Re: sys_chown() hits symlinks

Richard Gooch (rgooch@atnf.CSIRO.AU)
Fri, 23 Jan 1998 17:00:32 +1100

Linus Torvalds writes:
> In article <69sqr7$f3$>,
> H. Peter Anvin <> wrote:
> >
> >Incorrect. Neither the owner nor the mode of a symlink have any
> >effects, whatsoever.
> Actually, the owner of a symlink _does_ matter for sticky directories,
> which is why you really want to be able to change the owner.
> Essentially, if you cannot change the owner of a symlink, you cannot
> reliably do a "chown -R" on a directory tree. Imagine being a sysadmin
> and moving a person from one uid or group to another..
> In short: either you have to have "lchown()" or your "chown()" has to
> act on the symlink rather than on the target. Linux takes the second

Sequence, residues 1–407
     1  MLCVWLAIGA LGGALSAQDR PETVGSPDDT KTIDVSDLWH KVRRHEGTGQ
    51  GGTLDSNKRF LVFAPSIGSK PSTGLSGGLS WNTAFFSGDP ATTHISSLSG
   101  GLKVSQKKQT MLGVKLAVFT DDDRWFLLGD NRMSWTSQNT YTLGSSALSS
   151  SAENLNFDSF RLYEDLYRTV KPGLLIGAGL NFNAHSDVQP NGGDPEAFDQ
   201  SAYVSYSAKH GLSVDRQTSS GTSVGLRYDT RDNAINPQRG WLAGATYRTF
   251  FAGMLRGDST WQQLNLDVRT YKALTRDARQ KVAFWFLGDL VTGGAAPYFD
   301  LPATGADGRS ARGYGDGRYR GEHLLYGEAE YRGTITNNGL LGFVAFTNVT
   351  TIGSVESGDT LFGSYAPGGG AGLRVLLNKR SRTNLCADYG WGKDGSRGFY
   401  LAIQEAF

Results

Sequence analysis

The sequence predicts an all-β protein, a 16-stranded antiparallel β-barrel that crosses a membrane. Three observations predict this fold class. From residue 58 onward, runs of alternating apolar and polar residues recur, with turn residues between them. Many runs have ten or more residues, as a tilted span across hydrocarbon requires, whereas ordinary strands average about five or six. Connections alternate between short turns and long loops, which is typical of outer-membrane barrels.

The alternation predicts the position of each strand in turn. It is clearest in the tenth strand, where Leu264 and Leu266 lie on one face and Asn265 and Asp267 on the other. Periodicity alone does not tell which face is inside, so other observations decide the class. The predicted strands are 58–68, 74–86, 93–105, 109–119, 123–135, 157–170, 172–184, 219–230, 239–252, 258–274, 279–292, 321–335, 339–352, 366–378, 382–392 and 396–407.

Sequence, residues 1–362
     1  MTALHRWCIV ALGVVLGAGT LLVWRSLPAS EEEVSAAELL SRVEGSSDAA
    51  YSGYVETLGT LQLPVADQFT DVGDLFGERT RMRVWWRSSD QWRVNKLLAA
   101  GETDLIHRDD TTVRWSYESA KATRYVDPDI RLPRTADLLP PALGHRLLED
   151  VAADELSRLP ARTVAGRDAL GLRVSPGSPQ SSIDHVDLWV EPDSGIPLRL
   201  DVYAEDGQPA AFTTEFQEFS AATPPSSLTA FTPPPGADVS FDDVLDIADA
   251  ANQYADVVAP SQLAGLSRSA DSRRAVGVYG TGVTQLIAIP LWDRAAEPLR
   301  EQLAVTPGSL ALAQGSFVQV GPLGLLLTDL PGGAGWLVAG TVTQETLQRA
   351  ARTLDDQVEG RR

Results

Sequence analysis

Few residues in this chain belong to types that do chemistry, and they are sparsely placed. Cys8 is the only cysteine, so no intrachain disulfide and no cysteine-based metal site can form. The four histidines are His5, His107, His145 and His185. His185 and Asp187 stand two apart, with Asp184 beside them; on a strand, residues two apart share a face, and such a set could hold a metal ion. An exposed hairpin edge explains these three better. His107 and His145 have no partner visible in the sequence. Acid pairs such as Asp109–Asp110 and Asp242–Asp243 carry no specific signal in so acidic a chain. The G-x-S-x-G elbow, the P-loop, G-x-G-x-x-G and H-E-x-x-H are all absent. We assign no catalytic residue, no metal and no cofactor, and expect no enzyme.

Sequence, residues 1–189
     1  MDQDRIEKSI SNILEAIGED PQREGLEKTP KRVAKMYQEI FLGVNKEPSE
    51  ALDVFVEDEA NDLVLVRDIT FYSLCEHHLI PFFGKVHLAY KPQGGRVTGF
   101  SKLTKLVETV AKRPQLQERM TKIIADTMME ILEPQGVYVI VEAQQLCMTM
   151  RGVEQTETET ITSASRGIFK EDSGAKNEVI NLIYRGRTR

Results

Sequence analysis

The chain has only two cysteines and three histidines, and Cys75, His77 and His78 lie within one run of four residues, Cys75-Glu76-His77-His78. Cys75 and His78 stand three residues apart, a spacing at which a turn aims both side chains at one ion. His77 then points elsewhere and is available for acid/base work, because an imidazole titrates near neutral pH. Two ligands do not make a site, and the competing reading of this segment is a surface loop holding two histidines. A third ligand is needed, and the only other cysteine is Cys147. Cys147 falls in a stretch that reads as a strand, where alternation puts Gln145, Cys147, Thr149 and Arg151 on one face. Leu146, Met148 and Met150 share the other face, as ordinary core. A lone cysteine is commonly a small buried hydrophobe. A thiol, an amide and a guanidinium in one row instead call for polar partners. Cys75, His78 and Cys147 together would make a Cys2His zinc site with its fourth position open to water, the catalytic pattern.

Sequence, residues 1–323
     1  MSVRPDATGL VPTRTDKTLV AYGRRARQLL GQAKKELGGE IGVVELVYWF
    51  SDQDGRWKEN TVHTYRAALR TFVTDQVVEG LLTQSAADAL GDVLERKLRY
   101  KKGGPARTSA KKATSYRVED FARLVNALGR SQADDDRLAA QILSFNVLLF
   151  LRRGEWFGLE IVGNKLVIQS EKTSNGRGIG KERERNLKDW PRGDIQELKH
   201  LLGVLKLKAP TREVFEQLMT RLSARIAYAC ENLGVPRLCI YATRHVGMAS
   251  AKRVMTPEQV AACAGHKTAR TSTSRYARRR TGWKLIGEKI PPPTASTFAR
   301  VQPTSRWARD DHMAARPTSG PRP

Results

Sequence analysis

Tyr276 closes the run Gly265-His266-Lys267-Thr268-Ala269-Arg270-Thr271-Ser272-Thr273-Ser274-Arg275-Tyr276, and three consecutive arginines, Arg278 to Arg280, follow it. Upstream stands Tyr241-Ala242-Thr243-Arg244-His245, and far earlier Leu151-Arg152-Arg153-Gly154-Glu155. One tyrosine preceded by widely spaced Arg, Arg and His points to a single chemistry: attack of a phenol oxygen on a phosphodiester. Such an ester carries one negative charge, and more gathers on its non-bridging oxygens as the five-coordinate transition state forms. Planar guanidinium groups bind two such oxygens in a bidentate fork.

> approach, which is the traditional one.

Solaris: chown() traverses the link
SunOS: chown() hits the link
IRIX 6: chown() traverses the link
DEC Unix V3.2: chown() traverses the link

Linus, I really think that chown() should traverse the symlink. If you
think that we need a way to change the uid/gid of a symlink, I'll
write a lchown() syscall and give you the patch. Please let me know if
you're happy to go with that, and I'll start coding.

The reason chown() not following a symlink is a problem is that if
your /dev/tty* device is a symlink to elsewhere, then the various
system utilities don't properly change the ownership of the tty